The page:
Figure 2. Matching efficiency estimates
Source: European Commission 2013.
At the roots of mismatch
What factors can explain the observed dynamics of matching efficiency? To shed light on this issue we constructed indicators of mismatch across three dimensions: skill, industry, regions.4 We used these indicators of mismatch, together with other explanatory variables (the incidence of long-term unemployment, and spending on Active Labour Market Policy per jobseeker relative to per capita income) to explain the evolution of matching efficiency across the panel of available EU countries.
Regression analysis across a sample of EU countries identifies a number of drivers of matching efficiency dynamics: the share of long-term unemployment of total unemployment, skill mismatch, sectoral mismatch, spending on labour market policies per jobseeker.5
Table 1. Determinants of matching efficiency, 17 EU countries, 2003-2011
*, **, *** stand for statistical significance at the 10%, 5% and 1% level.
Estimates are obtained from fixed effect panel regressions, standard errors robust with respect to heteroskedasticity and non-independence within countries. All specifications, regressions include country and year effects. The panel is unbalanced: data are not available for some year in some countries.
The skill mismatch indicator used in the regressions is obtained as the weighted sum of the absolute value of the difference between the share of employment and population across education levels (primary, secondary, tertiary).
Source: Computations on AMECO, Eurostat LFS, Eurostat Labour Market Policies database.
Long-term unemployment appears to be the most significant determinant of matching efficiency over the whole sample, and its significance is linked to the high explanatory power that this variable exhibits after the crisis, in light of the sudden and marked increase in the average duration of unemployment spells.
Sectoral mismatch exhibits a high explanatory power, but became a somewhat weaker determinant in the post-crisis period. Growing sectoral mismatch was relatively broad-based across countries, concentrated in the 2009-2010 period, and mostly linked to the sudden increase of layoffs from the industry and construction sectors. Figure 3 displays the evolution of the share of unemployed originating from the main economic sectors for the euro-area aggregate. It appears that although the vast majority of unemployment normally originates from services, in the aftermath of the crisis there was a sudden increase in the share of unemployed previously working in industry and construction. It also appears that by the end of 2010 the distribution of unemployment across main sectors of origin is broadly similar to the one prevailing before the crisis.6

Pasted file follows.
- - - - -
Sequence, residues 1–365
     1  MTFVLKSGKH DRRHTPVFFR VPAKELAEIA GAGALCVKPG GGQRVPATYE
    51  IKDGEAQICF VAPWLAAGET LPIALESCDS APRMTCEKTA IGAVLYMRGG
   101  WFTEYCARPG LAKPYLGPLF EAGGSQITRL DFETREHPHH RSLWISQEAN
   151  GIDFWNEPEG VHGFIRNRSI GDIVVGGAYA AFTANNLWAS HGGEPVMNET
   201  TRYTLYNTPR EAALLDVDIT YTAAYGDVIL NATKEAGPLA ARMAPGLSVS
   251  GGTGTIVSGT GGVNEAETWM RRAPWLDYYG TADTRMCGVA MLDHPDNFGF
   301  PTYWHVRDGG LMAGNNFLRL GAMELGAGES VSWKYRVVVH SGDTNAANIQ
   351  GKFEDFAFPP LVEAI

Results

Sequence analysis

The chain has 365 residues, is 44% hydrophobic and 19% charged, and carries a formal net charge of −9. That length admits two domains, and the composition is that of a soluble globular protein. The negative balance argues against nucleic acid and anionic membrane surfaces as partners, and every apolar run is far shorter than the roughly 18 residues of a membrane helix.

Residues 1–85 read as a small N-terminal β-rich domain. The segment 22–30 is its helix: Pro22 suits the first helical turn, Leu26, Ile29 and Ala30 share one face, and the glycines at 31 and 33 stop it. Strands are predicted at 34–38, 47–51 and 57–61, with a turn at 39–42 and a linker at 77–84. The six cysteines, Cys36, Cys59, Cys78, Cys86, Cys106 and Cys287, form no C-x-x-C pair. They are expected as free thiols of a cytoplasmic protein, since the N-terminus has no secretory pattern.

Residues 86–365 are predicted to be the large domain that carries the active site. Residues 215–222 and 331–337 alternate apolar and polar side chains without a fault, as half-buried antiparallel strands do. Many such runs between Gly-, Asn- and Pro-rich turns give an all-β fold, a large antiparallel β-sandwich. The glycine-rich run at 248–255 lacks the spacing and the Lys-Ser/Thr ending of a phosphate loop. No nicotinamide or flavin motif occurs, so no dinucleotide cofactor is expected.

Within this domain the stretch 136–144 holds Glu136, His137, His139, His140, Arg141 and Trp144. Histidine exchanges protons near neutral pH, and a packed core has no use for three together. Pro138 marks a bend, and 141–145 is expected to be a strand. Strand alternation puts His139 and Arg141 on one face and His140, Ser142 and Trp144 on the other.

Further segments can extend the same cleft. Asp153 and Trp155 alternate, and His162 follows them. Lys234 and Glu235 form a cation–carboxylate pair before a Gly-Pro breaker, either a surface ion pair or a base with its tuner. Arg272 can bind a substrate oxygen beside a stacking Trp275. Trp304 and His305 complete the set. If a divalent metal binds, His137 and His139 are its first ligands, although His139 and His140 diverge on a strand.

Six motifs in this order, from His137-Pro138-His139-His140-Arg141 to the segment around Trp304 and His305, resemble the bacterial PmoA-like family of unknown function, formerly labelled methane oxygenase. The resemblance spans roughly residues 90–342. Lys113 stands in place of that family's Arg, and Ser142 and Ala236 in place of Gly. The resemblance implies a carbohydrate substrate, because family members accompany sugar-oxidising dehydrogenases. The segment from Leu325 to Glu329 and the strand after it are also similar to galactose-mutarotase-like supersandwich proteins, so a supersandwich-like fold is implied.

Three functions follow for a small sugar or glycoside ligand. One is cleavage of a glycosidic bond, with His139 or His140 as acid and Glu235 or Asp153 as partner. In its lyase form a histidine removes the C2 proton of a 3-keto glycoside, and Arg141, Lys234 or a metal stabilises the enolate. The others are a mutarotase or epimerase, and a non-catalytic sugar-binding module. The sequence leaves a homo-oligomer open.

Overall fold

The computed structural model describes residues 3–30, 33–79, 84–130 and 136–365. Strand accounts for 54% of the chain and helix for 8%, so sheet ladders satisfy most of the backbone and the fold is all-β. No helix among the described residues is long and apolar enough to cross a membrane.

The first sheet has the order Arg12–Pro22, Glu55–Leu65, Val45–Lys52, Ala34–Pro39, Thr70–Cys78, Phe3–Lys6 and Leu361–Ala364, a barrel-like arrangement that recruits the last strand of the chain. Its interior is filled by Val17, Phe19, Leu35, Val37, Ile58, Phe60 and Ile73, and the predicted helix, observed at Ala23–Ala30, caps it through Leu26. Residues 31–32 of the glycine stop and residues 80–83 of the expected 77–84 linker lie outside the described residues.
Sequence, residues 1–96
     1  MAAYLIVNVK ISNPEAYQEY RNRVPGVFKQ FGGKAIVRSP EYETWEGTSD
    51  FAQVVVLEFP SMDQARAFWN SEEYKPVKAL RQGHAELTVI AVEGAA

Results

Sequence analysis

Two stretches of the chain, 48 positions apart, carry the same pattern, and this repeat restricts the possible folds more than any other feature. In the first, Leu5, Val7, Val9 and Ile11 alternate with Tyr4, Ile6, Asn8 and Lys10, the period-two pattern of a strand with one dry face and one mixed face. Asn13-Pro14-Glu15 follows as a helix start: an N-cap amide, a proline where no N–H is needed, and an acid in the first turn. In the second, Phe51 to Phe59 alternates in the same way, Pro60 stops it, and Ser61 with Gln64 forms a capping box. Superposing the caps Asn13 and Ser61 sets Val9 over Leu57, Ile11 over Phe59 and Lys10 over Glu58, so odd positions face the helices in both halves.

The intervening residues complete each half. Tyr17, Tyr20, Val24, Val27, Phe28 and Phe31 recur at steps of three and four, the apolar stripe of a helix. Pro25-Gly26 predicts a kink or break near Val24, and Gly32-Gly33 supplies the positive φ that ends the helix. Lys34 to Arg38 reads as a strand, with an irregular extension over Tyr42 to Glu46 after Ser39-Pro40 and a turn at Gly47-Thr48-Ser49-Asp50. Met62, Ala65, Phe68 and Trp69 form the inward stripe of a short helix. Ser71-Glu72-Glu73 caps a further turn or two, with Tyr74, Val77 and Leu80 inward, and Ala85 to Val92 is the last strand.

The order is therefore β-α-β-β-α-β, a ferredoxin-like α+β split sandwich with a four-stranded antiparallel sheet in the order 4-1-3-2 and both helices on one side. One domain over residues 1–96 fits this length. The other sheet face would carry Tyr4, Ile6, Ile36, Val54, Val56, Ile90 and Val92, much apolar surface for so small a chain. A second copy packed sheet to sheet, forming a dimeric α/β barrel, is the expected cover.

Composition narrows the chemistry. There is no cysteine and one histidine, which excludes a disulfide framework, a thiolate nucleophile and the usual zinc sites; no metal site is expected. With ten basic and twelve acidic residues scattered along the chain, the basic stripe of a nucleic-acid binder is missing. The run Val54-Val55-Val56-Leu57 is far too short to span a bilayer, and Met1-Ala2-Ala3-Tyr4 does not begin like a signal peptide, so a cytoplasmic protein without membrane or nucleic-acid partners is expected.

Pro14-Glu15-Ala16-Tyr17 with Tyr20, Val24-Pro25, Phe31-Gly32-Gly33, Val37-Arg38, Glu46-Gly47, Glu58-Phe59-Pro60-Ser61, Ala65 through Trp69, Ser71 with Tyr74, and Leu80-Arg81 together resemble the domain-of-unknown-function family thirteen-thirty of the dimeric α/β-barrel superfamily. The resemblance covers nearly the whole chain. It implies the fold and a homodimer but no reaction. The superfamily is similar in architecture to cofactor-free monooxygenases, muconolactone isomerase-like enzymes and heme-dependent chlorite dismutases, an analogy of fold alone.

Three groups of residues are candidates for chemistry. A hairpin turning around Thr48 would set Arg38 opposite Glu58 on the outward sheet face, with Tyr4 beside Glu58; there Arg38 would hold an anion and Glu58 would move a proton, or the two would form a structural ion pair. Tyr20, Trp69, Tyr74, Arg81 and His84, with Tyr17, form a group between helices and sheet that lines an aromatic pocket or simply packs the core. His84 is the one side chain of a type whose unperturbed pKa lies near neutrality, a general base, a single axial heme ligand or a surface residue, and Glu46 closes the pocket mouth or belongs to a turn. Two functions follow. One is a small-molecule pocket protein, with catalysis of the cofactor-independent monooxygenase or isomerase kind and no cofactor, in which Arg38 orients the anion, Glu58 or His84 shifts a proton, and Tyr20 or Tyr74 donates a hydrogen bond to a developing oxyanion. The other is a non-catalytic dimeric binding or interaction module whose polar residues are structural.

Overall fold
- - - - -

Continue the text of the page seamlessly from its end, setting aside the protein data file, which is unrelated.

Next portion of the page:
Figure 3. Unemployment by sector of origin, Eurozone
Source: Eurostat, LFS.
Skill mismatch is a significant explanatory factor across the whole sample, and its explanatory power has increased after the crisis.7
Active Labour Market Policies have a significant explanatory power in enhancing matching efficiency, but become insignificant when restricting the sample to post-crisis years.
Finally, regional mismatch does not appear to play any significant role in driving matching efficiency. Actually, the sign appears to be contrary to expectations when restricting the sample to the post-crisis period. The reason is that the dispersion of unemployment regions across regions actually fell in many EU countries after the crisis, a phenomenon that often accompanies major recessions and that is compatible with the lack of explanatory power in driving matching efficiency (Layard, Nickell, and Jackman 2005).